44. 44. Open Graph overview Source:
  45. 45. Source:
  46. 46. Gameplay Source:
  47. 47. Facebook game of the year 2013 • Results – +25 Million MAU (monhtly active users) in 6 months – 7 Million DAU (daily active users) in 6 months. – Over 10M€ in revenue for 2013 from Criminal Case – Over 500 million Open Graph actions generated since launch – 1 player out of 2 comes in the game through an OG story – 60% of players are female
  48. 48. (Social) web games
  49. 49. Source:
  50. 50. Zappo´s Face Game Source:
  51. 51. Practically Green (WeSpire) Source:
  52. 52. Practically Green (WeSpire) Source:
  53. 53. Practically Green (WeSpire) Source:
  54. 54. Education: CodeAcademy Source:
  55. 55. Education: DuoLingo Source:
  56. 56. NGO case: Pain Squad Source:
  57. 57. Potentials • Huge benefits in social games seen from an advertiser POV! • The KPIs are promising. • Games at work has promises of increased engagement, productivity, and performance when it´s aligned with the culture (Zappo case) • Everythings fine …. But ….
  58. 58. Pitfalls • Bad gamification can aggravate instead of engaging employees and potential customers . • The success of a game comes down to two things: it has to feel legitimate to users, and it can't feel forced — like that mandatory, company-wide foosball tournament you had last week. • Some researchers (Mollick and Rothbard, Wharton University, US) point out: “doing something that is required and is supposed to make things fun, it violates the idea of funness. It's no longer a fun activity; it's a mandatory activity." • The danger of "gamifying" a customer-facing product: Your engagement metrics will go up for a certain set of visitors, you'll be making others turn away. Reference:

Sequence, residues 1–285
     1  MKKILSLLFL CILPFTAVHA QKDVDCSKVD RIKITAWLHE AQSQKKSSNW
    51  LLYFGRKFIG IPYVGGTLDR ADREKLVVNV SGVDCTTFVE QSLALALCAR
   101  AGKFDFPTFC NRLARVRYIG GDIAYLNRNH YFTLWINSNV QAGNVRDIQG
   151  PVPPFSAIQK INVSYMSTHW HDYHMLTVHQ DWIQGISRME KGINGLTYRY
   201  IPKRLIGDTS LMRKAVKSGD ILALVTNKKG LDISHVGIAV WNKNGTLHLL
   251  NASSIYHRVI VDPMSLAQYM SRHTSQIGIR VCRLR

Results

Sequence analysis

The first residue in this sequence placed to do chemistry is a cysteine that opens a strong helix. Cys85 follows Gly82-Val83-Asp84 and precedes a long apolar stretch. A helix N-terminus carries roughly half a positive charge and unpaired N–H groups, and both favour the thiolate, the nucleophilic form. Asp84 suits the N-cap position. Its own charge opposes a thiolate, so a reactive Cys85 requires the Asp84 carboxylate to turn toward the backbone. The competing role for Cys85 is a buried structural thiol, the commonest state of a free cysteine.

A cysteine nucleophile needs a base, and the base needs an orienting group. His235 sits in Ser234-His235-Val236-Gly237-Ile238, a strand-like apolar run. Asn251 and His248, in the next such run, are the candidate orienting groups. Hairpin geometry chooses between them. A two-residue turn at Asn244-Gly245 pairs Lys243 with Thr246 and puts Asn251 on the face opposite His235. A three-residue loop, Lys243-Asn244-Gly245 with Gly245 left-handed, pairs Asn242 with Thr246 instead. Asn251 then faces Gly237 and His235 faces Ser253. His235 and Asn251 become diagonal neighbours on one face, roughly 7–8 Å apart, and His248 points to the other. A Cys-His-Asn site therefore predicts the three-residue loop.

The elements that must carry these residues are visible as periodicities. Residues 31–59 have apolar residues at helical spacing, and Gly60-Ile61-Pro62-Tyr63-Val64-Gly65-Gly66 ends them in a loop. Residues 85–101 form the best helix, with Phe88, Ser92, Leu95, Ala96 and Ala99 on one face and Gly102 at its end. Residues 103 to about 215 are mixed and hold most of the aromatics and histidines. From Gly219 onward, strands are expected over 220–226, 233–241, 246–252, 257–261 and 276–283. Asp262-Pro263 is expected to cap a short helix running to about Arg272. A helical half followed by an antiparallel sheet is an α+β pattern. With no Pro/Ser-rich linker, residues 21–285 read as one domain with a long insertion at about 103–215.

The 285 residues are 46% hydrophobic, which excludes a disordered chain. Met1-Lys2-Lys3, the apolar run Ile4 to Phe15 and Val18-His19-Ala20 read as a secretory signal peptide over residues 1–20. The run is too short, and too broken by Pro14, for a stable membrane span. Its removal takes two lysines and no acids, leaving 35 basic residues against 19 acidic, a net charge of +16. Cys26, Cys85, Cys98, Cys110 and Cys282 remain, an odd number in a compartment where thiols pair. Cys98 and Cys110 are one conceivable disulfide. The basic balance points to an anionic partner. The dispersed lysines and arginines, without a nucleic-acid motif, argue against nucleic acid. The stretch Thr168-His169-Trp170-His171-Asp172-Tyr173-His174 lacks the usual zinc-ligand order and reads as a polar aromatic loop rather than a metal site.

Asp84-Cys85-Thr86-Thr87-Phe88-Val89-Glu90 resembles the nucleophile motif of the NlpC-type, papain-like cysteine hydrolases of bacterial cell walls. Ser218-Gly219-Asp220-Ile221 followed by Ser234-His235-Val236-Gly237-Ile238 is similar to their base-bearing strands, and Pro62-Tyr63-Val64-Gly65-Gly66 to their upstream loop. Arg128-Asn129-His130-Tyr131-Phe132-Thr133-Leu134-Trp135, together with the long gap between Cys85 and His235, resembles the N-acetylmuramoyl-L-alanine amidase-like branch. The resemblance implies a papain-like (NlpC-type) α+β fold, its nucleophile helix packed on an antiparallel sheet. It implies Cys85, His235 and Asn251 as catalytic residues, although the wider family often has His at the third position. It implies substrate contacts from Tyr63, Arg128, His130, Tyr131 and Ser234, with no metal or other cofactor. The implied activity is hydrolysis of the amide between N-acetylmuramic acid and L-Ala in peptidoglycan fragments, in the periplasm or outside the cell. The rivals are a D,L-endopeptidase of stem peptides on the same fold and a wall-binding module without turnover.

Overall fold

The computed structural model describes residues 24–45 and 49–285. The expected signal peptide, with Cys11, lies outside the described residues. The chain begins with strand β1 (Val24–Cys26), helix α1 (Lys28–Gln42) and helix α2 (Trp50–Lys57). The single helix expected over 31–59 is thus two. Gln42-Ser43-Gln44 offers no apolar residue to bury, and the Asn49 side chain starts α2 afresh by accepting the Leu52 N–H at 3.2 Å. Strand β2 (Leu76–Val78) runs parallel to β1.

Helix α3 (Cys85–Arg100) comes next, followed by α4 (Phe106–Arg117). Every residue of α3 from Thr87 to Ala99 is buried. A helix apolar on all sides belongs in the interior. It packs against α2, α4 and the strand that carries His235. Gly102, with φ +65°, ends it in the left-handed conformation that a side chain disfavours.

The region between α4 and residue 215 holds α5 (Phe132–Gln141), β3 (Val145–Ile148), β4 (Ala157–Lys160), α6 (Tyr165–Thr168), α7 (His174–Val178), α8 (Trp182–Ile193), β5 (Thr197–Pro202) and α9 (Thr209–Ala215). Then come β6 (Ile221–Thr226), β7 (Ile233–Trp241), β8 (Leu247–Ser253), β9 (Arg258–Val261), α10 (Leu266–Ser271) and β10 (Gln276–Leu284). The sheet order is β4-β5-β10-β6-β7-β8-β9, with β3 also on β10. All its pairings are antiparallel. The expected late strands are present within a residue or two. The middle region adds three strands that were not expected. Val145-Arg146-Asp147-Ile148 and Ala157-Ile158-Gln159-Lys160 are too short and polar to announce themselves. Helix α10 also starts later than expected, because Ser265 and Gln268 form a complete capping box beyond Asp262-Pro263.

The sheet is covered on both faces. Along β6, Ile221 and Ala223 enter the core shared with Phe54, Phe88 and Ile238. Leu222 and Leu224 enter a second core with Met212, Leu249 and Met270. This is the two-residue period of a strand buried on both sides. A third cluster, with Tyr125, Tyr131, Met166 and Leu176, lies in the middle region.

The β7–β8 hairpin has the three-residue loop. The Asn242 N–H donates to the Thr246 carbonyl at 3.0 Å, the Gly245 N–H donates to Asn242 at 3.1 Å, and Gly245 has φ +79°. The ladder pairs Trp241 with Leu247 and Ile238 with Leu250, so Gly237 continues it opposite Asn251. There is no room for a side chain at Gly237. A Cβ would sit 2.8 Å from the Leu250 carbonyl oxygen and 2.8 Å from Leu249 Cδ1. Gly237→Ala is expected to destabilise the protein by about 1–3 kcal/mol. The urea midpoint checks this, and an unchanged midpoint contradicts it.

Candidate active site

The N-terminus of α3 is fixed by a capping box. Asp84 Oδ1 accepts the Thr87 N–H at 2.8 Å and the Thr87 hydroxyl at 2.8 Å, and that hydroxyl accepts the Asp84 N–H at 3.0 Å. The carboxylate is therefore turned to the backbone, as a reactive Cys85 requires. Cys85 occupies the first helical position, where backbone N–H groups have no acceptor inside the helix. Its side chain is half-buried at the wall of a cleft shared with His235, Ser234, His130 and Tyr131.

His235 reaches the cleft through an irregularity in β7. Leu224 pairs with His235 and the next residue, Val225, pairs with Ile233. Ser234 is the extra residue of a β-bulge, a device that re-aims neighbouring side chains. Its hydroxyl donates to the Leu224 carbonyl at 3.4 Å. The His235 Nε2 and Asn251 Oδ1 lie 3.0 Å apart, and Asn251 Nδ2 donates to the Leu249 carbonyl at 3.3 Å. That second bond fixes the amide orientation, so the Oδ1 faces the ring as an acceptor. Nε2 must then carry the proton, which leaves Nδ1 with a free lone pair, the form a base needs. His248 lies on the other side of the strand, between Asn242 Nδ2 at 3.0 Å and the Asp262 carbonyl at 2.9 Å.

59. 59. Further perspectives • Developing social games for business purposes requires – a relevant Strategic Framework and – relevant theory about human Motivation • To ensure that business strategies and user needs are incorporated in the gameplay and the storytelling • Frameworks like Octalysis and Gamification Model Canvas seems relevant. (See next slides) • Self Determination Theory seems relevant See next slides)
  60. 60. Theory: SDT
  61. 61. Theory: SDT
  62. 62. Ex1: Strategic framework Source:
  63. 63. Ex2: Strategic framework
  64. 64. Thank you :-) for your attention
  65. 65. Resources • Using Social Gaming to Drive Engagement: Insights and Best Practices for Brand ManagersAn Oracle White Paper. August 2012. • Danish official Internet and IT stats: – It-anvendelse i befolkningen – EU-sammenligninger 2013, Danmarks Statistik ,Maj 2014, • Gamification Model Canvas An agile, flexible and systematic tool to help find and evaluate solutions based on game design and to ultimately develop behaviors in non-game environmen model-canvas • Gamification Roadmap • “For the Win: How Game Thinking Can Revolutionize Your Business,” by Kevin Werbach, Dan Hunter. 2012 • Mobile Mindshift . • Social Gaming. Whitepaper by Vertic Portals. • Bunchball. Leaders in gamification